In what may be one of the highest-profile assassinations since civil war broke out in 2011, a senior official in Syria’s most powerful intelligence service was found shot in the head, opposition sources claimed Wednesday.
The body of Maj. Gen. Nadeem Shallah, head of the Damascus branch in the Air Force Intelligence Directorate, was found in his car in the Syrian capital’s al-Hamra street, Israeli media quoted unnamed Syrian sources as saying.
The circumstances of his death were not made immediately clear and no official government source confirmed the report.
The Air Force Intelligence Directorate (Idarat al-Mukhabarat al-Jawiyya) owes its power in part to the fact that former president Hafez Assad was once air force commander, and later turned the air force intelligence service into his personal action bureau.
Shallah’s Damascus branch is the largest within the organization. Among his responsibilities, Shallah was charged with overseeing Iranian missile shipments intended for the Syrian Air Force.
He was also charged with coordinating between the Revolutionary Guards’ Quds Force commando unit and Hezbollah’s special ops units.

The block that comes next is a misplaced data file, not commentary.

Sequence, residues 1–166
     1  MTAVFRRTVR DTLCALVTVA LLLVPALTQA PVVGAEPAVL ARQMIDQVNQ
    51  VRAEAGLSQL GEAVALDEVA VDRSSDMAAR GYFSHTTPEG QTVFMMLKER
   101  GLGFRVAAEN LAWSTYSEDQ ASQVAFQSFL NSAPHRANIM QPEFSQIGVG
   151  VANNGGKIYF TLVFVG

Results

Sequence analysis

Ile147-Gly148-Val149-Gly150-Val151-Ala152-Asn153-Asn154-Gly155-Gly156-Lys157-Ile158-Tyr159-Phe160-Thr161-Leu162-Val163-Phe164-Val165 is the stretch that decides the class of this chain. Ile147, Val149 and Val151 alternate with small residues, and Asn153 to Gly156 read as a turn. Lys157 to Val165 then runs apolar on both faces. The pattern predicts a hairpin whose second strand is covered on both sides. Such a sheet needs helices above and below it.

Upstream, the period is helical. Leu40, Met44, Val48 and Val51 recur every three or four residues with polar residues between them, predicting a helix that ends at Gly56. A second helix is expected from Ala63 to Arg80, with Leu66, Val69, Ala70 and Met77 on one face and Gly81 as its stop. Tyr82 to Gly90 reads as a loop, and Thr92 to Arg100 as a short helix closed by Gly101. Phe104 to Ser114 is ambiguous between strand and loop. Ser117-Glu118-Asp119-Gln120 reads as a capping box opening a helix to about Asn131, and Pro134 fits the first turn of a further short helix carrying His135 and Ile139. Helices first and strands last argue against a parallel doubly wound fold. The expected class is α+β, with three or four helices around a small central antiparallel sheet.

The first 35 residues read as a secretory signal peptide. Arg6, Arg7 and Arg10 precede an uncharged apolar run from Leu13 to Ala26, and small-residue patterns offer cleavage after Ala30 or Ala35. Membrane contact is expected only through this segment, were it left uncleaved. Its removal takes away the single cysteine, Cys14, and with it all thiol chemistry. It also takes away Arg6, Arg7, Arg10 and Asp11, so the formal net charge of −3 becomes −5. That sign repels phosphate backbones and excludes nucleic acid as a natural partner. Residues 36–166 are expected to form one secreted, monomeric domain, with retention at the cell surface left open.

The alleged assassination comes as many Israeli security officials say President Bashar Assad’s regime is nearing its end. Last month, Amos Gilad, head of the Defense Ministry’s political-security division, assessed that Assad controls just a fifth of Syria.
Gilad estimated that after over four years of civil war various Sunni-dominated anti-regime militia groups have seized most of the country and that Assad can now claim only a fraction as his own — which may one day became an enclave for the minority Alawite sect under his rule.
On Thursday, the UN reported that more than four million Syrians have fled the conflict ravaging their country to become refugees in the surrounding region — a million of them in the past 10 months alone.
More than 230,000 people have been killed in Syria since anti-government protests erupted in March 2011, precipitating a civil war pitting pro-regime forces, rebels and jihadist groups against each other.
In addition to the millions who have fled Syria, 7.6 million have been displaced inside the war-torn country, “many of them in difficult circumstances and in locations that are difficult to reach,” UNHCR said
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